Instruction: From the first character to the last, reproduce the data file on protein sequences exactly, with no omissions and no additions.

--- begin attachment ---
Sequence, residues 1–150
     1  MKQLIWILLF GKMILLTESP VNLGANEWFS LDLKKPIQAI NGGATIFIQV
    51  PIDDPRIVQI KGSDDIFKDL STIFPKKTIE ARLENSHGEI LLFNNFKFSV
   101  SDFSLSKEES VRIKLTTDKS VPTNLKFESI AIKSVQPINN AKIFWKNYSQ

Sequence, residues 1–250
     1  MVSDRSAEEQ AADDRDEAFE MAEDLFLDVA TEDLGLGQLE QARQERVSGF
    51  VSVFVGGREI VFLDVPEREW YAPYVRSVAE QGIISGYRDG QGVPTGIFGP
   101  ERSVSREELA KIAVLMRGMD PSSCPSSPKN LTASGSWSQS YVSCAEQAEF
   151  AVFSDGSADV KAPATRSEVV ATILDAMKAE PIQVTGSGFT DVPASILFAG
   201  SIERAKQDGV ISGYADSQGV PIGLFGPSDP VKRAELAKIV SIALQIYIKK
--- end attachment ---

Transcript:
Sequence, residues 1–150
     1  MKQLIWILLF GKMILLTESP VNLGANEWFS LDLKKPIQAI NGGATIFIQV
    51  PIDDPRIVQI KGSDDIFKDL STIFPKKTIE ARLENSHGEI LLFNNFKFSV
   101  SDFSLSKEES VRIKLTTDKS VPTNLKFESI AIKSVQPINN AKIFWKNYSQ

Sequence, residues 1–250
     1  MVSDRSAEEQ AADDRDEAFE MAEDLFLDVA TEDLGLGQLE QARQERVSGF
    51  VSVFVGGREI VFLDVPEREW YAPYVRSVAE QGIISGYRDG QGVPTGIFGP
   101  ERSVSREELA KIAVLMRGMD PSSCPSSPKN LTASGSWSQS YVSCAEQAEF
   151  AVFSDGSADV KAPATRSEVV ATILDAMKAE PIQVTGSGFT DVPASILFAG
   201  SIERAKQDGV ISGYADSQGV PIGLFGPSDP VKRAELAKIV SIALQIYIKK